Data, facts and interpretation
Are managers and employees on your team comfortable with absolute truth and honesty? Are your organizational processes and management decisions transparent? Can you and your team discuss data, facts and interpretation without anyone’s hair catching on fire? I am not talking about ad hominem attacks, although members of an organization may take the presentation of facts personally. I am talking about the ability to rationally and objectively discuss subjects such as performance, weaknesses and failure in order to find solutions.
Will you shoot the messenger?
Naked Truth and Brutal Honesty are my two most valued employees. Clients sometimes ask for them by name, but they accompany me on every engagement regardless of whether or not they were invited. Don’t worry — there is no extra charge for them.
Over the years, one or two clients have not appreciated their input and we’ve all been summarily dismissed. Oh, well. Who needs those kinds of clients, anyway? Honesty and truth are essential components of the “whole package” comprising personal integrity. If you are willing to mold the truth for a fee, you lack the critical firmware package that also includes ethics and morality.
We worry about artificial intelligence, and we should. If A.I. eventually turns out to be made of the same malleable moral and ethical clay as the natural intelligence possessed by humans, we’ll be in big trouble when A.I. finally breaks out of its nursery. Sometimes, it’s not even a matter of ethics or morality. We often can’t recognize truth when it’s flashing furiously right in front of our eyes. Why should we expect better of machines?
Can facts be offensive?
One time I offended one member of a group by calling them all troglodytes because of their antiquated and inefficient business processes. I said it in an affable, humorous sort of way, but it was on the West Coast! What can I say?
However, I have often had hard pushback from organizational management when presenting straight facts such as, “Your organization lacks statutorily required privacy and security policies including X, Y and Z.” You can put a copy of the law right in front of them and they will still engage in virulent refutation.
You can’t handle the truth
In the consulting business, one is often asked to provide assessments. Most of us try to keep it real, but let’s face it — bogus assessments didn’t disappear when Arthur Andersen LLP was buried in 2002. Smashing through the granite wall of denial that is a cultural characteristic of many organizations can be a Herculean task, and sometimes one has to accept failure when the wall proves to be impenetrable. Observing the nature of denial is both fascinating and frustrating, and it is sad to watch otherwise intelligent people explode in an angry burst of denial when you attempt show them that 2+2=4.
One wonders why organizations so often contract assessments and then completely reject not only the conclusions but the facts. Arthur Andersen the person (1885-1947) lived by motto “Think straight, talk straight,” but such behavior is not a part of the culture of most organizations I have encountered. When it came to audits, Andersen believed that the “responsibility was to investors, not their clients’ management.” Had his company continued to embrace that philosophy after his death, it would likely still be in business.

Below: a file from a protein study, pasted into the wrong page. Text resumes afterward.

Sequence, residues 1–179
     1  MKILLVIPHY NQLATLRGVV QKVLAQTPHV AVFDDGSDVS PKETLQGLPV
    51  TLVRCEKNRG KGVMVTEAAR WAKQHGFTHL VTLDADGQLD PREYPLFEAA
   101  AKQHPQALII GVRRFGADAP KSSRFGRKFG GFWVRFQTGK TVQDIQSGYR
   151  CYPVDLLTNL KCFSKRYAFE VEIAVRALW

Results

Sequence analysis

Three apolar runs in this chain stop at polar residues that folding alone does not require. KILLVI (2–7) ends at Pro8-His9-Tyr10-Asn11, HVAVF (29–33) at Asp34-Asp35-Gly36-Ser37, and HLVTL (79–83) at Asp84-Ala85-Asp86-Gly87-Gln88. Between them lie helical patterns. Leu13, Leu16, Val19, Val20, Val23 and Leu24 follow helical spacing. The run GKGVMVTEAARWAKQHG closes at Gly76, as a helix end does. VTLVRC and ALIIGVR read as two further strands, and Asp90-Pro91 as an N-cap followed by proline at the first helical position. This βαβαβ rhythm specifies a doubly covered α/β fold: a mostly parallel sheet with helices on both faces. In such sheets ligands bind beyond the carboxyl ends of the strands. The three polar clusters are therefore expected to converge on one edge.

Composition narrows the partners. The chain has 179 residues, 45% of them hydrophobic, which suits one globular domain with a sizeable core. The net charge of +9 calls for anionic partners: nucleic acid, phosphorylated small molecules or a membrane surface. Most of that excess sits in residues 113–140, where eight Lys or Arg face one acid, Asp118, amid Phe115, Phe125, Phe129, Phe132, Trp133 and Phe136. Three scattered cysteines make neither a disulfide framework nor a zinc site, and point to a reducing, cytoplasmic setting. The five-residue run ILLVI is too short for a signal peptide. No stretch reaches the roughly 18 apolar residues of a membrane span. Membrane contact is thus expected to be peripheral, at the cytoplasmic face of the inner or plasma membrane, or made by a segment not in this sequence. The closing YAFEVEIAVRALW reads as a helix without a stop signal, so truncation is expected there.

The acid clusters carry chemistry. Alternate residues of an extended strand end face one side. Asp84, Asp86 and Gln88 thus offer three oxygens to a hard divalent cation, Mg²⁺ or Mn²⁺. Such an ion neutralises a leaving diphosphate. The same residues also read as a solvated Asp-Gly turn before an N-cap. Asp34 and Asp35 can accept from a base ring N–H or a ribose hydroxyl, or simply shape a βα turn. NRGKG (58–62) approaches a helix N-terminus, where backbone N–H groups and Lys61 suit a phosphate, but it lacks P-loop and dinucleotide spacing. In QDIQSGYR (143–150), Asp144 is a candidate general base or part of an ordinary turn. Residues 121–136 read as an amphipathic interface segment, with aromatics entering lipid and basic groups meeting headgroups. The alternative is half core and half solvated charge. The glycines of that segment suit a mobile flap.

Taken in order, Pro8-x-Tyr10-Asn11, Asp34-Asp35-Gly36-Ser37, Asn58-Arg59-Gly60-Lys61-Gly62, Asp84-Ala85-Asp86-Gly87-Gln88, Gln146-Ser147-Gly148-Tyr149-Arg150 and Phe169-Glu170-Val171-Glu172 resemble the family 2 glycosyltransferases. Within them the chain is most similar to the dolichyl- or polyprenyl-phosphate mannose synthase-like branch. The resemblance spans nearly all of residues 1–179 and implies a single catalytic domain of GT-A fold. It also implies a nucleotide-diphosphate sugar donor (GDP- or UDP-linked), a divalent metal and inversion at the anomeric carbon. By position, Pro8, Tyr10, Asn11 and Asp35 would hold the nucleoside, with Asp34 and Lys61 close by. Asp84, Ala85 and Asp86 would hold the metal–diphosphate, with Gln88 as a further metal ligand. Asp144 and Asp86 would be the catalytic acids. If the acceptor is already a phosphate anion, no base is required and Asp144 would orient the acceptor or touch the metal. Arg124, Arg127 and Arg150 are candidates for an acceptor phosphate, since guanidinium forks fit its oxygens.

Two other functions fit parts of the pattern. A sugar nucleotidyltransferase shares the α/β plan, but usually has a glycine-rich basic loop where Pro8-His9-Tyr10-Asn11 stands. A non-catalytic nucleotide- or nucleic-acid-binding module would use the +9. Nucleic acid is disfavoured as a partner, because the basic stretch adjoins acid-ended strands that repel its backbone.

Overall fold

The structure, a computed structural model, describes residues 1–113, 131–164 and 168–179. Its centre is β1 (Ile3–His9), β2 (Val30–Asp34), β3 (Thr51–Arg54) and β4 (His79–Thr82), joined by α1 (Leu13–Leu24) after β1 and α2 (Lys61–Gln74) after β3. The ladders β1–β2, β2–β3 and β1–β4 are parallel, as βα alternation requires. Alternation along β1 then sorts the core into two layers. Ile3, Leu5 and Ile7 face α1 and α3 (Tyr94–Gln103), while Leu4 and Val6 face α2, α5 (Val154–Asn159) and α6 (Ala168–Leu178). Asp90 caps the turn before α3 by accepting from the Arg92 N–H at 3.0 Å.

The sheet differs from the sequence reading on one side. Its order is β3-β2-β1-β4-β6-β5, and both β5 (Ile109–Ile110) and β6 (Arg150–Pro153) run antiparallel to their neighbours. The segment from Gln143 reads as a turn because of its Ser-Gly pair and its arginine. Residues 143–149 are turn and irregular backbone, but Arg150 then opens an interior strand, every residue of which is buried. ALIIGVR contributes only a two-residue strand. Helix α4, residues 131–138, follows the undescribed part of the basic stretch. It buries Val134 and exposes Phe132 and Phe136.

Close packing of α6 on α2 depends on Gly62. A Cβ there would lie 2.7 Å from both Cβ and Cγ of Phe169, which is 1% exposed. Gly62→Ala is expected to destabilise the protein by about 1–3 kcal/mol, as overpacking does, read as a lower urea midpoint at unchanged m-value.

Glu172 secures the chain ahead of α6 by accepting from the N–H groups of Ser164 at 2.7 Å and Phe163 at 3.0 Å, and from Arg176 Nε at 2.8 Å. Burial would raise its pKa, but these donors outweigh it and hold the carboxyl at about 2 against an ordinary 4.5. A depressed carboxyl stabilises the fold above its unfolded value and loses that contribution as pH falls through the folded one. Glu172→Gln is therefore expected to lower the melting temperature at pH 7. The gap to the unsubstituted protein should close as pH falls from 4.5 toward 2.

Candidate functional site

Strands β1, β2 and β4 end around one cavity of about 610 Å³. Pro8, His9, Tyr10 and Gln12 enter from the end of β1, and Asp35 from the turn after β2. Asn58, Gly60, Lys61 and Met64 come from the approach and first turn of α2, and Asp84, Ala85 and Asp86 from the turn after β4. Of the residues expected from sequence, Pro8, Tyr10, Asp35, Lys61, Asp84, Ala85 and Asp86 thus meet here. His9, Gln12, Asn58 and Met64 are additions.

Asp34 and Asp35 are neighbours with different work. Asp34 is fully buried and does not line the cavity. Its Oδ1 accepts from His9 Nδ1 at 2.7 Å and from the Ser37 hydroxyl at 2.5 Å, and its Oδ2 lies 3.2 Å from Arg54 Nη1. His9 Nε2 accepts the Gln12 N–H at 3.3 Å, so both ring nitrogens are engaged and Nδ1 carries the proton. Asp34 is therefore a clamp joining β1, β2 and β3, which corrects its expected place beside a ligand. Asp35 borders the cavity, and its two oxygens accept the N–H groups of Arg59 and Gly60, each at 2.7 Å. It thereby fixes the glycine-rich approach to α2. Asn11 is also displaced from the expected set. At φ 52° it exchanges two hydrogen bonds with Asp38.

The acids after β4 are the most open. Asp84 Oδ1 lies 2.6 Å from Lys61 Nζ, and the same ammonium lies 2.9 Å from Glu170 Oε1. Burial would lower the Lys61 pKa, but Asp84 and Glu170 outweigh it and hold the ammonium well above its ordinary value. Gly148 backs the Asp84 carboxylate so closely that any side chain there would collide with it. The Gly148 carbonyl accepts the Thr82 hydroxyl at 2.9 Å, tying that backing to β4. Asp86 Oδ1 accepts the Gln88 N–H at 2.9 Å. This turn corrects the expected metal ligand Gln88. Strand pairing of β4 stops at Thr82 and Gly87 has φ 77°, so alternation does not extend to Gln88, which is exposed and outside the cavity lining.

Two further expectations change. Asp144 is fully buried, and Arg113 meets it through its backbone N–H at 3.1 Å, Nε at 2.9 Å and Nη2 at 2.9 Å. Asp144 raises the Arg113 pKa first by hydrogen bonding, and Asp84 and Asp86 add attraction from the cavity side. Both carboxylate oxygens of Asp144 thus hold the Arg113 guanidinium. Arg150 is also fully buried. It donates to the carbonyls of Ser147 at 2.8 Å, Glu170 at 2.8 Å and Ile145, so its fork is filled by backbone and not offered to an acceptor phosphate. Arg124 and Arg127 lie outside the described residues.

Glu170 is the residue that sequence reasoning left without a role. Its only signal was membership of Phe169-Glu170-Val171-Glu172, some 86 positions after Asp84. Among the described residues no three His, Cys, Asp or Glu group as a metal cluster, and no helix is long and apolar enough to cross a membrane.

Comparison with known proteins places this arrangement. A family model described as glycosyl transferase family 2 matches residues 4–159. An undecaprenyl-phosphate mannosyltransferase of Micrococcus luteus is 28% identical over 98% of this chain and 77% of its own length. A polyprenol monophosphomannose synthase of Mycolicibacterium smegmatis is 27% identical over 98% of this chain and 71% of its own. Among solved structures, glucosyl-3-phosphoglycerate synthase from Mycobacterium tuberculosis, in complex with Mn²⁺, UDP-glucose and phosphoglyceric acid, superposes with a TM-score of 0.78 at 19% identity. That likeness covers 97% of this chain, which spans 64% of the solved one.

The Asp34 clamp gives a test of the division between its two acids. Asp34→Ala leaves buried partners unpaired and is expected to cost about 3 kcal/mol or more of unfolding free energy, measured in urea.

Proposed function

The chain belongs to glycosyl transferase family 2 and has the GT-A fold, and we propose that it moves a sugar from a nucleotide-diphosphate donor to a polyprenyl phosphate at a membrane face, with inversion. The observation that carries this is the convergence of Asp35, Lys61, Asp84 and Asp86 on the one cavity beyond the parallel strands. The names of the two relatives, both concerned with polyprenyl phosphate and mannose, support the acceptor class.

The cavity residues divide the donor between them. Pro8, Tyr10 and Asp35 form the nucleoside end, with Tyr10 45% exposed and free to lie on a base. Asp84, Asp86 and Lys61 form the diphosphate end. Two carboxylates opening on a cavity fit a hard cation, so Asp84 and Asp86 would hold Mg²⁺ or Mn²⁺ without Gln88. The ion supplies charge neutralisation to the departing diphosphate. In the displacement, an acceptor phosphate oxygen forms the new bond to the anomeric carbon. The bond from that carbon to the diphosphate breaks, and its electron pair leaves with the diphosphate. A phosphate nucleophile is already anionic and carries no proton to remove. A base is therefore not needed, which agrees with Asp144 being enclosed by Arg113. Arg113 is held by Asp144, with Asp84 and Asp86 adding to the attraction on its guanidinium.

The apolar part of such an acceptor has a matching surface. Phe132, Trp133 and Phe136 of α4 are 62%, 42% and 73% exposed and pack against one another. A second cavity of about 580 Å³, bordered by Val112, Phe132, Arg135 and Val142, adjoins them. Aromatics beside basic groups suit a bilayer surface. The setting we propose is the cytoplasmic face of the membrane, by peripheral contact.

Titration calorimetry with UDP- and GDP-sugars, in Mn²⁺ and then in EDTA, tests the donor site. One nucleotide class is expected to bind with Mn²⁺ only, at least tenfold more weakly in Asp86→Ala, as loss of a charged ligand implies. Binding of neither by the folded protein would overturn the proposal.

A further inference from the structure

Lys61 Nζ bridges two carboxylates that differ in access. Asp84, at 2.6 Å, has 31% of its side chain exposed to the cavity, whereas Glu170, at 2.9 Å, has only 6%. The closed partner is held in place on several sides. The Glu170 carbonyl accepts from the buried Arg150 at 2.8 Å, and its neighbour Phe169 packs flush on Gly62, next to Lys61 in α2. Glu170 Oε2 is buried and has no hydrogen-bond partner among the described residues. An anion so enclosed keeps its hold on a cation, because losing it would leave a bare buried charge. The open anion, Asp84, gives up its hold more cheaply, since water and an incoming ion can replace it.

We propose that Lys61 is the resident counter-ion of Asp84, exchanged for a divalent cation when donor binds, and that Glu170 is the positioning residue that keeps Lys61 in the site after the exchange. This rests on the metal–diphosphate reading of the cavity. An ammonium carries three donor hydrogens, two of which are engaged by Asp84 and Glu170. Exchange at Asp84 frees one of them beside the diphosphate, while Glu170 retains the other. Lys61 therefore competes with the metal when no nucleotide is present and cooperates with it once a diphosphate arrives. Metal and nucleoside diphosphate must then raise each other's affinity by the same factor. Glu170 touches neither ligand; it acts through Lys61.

Honesty and transparency are essential foundations of sound management. At investment management firm Bridgewater Associates, for instance, brutal honesty is a workplace requirement. Sadly, in most organizations, the pursuit of truth is neither familiar nor welcome. Bridgewater is governed by a set of “Principles” compiled by founder Ray Dalio. In an online presentation of the principles, Dalio instructs the reader, “When digesting each principle, please… ask yourself: Is it true?” Truth is always the best starting point.
Is it true?
My best teachers and professors all taught me to relentlessly ask that question about everything. I recall one graduate seminar where we went through some pretty lengthy scholarly works dissecting every sentence. It was a brutal exercise. What I learned is that a great deal of what was considered to be definitive and scholarly was questionable or sometimes just flat out wrong once it was closely examined.
Consensus is not proof
The traps of lazy thinking, false assumptions and groupthink are permanently set and perfectly positioned to capture us. In spite of decades of training, I still have to consciously avoid being snared by them. Conventional Wisdom and Consensus have no place in business, science or public policy but they often control and dominate the conversation.
In 1980, the consensus among physicians was that “stress and lifestyle factors were the major causes of peptic ulcer disease.” Barry J. Marshall and Robin Warren discovered in 1982 that the actual cause was Helicobacter pylori. They were initially ridiculed, but were awarded a Nobel Prize for their discovery in 2005. There is an extensive history of ideas that bucked consensus. When consensus rather than fact is presented as evidence, we should be skeptical and demand proof.
Equivocation, rationalization and justification seem to be acceptable management tools in too many private- and public-sector entities. Honesty shouldn’t be considered “brutal,” and it is only thought to be so because we so rarely encounter it in its natural form. Introducing honesty and naked truth to your organization might be a great goal for 2017.